Rules in connection with the then Old Securities Act when it failed to make timely disclosures of its negotiations with GHB. In addition, the SEC found that the directors of IRC entered into transactions involving IRC shares in violation of the Revised Securities Act. - Respondents, however, questioned the authority of the SEC to investigate on said matter since according to PD 902-A, jurisdiction upon the matter was conferred upon the PED (Prosecution and Enforcement Department) of the SEC however, this issue is already moot since pending the disposition of the case, the Securities Regulation Code was passed thereby effectively repealing PD 902-A and abolishing the PED. They also contended that their right to due process was violated when the SEC required them to appear before the SEC to show cause why sanctions should not be imposed upon them since such requirement shifted the burden of proof to respondents. The case reached the CA and said court ruled in favor of the respondents and effectively enjoined the SEC from filing any criminal, civil or administrative cases against respondents. In its resolution, the CA stated that since there are no rules and regulations implementing the rules regarding DISCLOSURE, INSIDER TRADING OR ANY OF THE PROVISIONS OF THE REVISED SECURITIES ACT, the SEC has no statutory authority to file any suit against respondents. The CA, therefore, prohibited the SEC from taking cognizance or initiating any action against the respondents for the alleged violations of the Revised Securities Act. Issue: 1.) Whether or not the SEC has authority to file suit against respondents for violations of the RSA. 2.) Whether or not their right to due process was violated when the SEC denied the parties of their right to cross examination. Ratio: - The Revised Securities Act does not require the enactment of implementing rules to make it binding and effective. The provisions of the RSA are sufficiently clear and complete by themselves. The requirements are specifically set out and the acts which are enjoined are determinable. To tule that absence of implementing rules can render ineffective an act of Congress would empower administrative bodies to defeat the legislative will by delaying the implementing rules. Where the statute contains sufficient standards and an unmistakable intent (as in this case, the RSA) there should be no impediment as to its implementation. - The court does not discern any vagueness or ambiguity in the RSA such that the acts proscribed and/or required would not be understood by a person of ordinary intelligence. The provision explains in simple terms that the insider's misuse of nonpublic and undisclosed information is the gravamen of illegal conduct and

that the intent of the law is the protection of investors against fraud committed when an insider, using secret information, takes advantage of an uninformed investor. Insiders are obligatd to disclose material information to the other party or abstain from trading the shares of his corporation. This duty to disclose or abstain is based n 2 factors: 1) the existence of a relationship giving access, directly or indirectly to information intended to be available only for a corporate purpose and not for the personal benefit of anyone and 2) the inherent unfairness involved when a party takes advantage of such information knowing it is unavailable to those with whom he is dealing. - This obligation to disclose is imposed upon "insiders" which are particularly officers, directors or controlling stockholders but that definition has already been expanded and not includes those persons whose relationship of former relationship to the issuer or the security that is not generally available and the one who learns such a fact from an insider knowing that the person from whom he learns such fact is an insider. In some case, however, there may be valid corporate reasons for the nondisclosure of material information but it should not be used for non-corporate purposes. - Respondent contends that the terms "material fact", "reasonable person", "nature and reliability" and "generally available" are vaguely used in the RSA because under the provision of the said law what is required to be disclosed is a fact of special significance, meaning: 1. a material fact which would be likely to affect the market price of a security or; 2. one which a reasonable person would consider especially important in determining his course of action with regard to the shares of stock. - But the court dismissed said contention and stated that material fact is already defined and explained as one which induces or tends to induce or otherwise affect the sale or purchase of securities. On the other hand, "reasonable person" has already been used many times in jurisprudence and in law since it is a standard on which most of legal doctrines stand (even the doctrine on negligence uses such standard) and it has been held to mean "a man who relies on the calculus of common sense of which all reasonable men have in abundance" - As to "nature and reliability" the proper adjudicative body would be able to determine if facts of a certain nature and reliability can influence a reasonable person's decision to retain, buy or sell securities and thereafter explain and justify its factual findings in its decision since the same must be viewed in connection with the particular circumstances of a case. As to "generally available", the court held also that such is a matter which may be adjudged given the particular circumstances of the case. The standards of which cannot remain at a standstill.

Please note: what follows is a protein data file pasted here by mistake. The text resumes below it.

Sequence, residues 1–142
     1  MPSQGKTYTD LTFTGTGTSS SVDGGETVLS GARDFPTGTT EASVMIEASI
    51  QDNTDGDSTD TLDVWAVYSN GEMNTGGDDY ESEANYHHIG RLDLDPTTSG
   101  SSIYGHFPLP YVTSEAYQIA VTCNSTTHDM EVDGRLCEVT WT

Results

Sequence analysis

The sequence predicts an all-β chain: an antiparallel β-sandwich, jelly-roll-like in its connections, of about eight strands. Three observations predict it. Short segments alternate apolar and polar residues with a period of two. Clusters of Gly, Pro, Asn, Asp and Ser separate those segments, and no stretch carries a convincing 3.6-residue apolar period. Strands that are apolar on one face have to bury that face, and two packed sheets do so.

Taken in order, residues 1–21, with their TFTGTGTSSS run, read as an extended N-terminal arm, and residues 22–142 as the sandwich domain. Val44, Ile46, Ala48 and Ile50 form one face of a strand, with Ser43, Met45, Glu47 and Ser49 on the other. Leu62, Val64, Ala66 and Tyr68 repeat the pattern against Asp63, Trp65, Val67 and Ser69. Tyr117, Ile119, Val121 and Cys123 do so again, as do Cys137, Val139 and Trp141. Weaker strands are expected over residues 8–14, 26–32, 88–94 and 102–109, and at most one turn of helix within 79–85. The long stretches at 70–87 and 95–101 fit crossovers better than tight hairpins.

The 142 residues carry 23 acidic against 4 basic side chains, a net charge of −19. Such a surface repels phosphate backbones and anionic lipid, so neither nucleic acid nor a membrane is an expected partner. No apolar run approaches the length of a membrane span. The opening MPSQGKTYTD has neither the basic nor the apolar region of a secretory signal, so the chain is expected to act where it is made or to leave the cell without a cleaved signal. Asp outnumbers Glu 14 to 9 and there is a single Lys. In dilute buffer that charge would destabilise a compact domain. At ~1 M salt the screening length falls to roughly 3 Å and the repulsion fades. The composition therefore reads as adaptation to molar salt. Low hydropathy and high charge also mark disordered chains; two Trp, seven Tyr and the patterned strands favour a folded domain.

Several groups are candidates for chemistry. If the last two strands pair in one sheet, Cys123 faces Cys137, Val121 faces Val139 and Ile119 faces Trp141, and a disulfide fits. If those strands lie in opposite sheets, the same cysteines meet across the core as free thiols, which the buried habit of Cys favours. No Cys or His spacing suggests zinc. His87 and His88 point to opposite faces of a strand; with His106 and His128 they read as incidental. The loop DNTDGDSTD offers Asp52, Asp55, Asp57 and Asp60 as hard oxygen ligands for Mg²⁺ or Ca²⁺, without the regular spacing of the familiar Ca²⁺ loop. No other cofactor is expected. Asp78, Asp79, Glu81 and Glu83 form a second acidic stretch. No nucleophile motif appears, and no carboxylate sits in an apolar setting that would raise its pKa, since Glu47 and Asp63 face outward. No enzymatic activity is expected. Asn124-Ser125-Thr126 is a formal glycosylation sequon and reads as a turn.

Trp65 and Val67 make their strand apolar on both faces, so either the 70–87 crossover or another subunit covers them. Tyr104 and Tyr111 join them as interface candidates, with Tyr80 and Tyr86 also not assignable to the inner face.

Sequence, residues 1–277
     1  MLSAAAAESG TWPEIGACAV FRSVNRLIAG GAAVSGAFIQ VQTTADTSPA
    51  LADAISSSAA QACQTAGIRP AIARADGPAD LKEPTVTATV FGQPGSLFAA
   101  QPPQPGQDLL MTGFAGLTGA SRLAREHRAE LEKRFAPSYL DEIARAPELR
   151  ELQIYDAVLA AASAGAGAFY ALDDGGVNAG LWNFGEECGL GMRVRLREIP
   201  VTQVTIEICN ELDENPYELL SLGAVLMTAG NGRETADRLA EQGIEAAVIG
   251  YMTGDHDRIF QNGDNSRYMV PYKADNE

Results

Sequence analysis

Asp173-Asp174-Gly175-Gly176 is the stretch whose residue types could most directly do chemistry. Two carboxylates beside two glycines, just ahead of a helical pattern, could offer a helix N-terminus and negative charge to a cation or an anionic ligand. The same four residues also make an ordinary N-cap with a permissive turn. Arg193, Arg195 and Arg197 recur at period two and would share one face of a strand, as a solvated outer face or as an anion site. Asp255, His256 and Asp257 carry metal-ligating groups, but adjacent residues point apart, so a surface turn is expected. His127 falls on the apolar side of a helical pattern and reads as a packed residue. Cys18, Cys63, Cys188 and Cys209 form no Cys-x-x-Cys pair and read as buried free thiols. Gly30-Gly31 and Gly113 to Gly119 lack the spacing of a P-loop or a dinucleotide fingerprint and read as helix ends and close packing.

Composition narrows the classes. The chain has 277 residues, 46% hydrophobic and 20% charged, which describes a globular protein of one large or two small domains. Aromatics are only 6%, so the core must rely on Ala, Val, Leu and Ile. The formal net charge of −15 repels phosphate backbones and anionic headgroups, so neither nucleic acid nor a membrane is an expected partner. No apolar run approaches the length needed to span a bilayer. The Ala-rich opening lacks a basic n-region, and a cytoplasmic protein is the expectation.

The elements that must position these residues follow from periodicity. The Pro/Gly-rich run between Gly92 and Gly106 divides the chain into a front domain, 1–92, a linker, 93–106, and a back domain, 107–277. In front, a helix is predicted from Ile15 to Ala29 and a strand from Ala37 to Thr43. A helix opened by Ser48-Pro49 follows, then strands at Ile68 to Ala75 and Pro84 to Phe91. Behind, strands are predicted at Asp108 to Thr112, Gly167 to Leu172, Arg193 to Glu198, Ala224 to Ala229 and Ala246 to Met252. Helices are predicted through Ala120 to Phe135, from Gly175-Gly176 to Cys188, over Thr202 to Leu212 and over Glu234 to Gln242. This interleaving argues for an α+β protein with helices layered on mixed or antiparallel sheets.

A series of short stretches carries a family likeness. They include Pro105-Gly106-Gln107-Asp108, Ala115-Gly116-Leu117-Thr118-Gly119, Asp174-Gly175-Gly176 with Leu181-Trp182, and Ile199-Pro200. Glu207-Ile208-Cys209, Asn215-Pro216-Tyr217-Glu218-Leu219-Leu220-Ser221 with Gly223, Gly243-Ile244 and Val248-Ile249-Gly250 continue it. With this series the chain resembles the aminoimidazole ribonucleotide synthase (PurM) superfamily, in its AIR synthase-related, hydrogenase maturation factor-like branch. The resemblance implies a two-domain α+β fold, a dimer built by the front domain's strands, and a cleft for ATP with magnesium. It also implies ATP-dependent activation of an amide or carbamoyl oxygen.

- There is no violation of due process in this case since the proceedings before the PED are summary in nature. The hearing officer may require the parties to submit their respective verified position papers together will all supporting documents and affidavits of witnesses. A formal hearing is not mandatory and it is within the discretion of the hearing officer to determine whether or not there is a need for a formal hearing. - Moreover, the law creating the PED empowers it to investigate violations of the rules and regulations and to file and prosecute such cases. It does not have an adjudicatory powers. Thus, the PED need not comply with the provisions of the Administrative Code on adjudication. - The SEC retained jurisdiction to investigate violations of the RSA, reenacted in the Securities Regulations Code despite the abolition of the PED. In this case, the SEC already commenced investigating the respondents for violations of the RSA but during the pendency of the case the Securities and Regulations Code was passed thereby repealing the RSA. However, the repeal cannot deprive the SEC of its jurisdiction to continue investigating the case. - Investigations by the SEC is a requisite before a criminal case may be referred to the DOJ since the SEC is an administrative agency with the special competence to do so. According to the doctrine of primary jurisdiction, the courts will not determine a controversy involving a question within the jurisdiction of an administrative tribunal where the question demands the exercise of sound administrative discretion requiring the specialized knowledge and expertise of said administrative tribunal to determine technical and intricate matters of fact.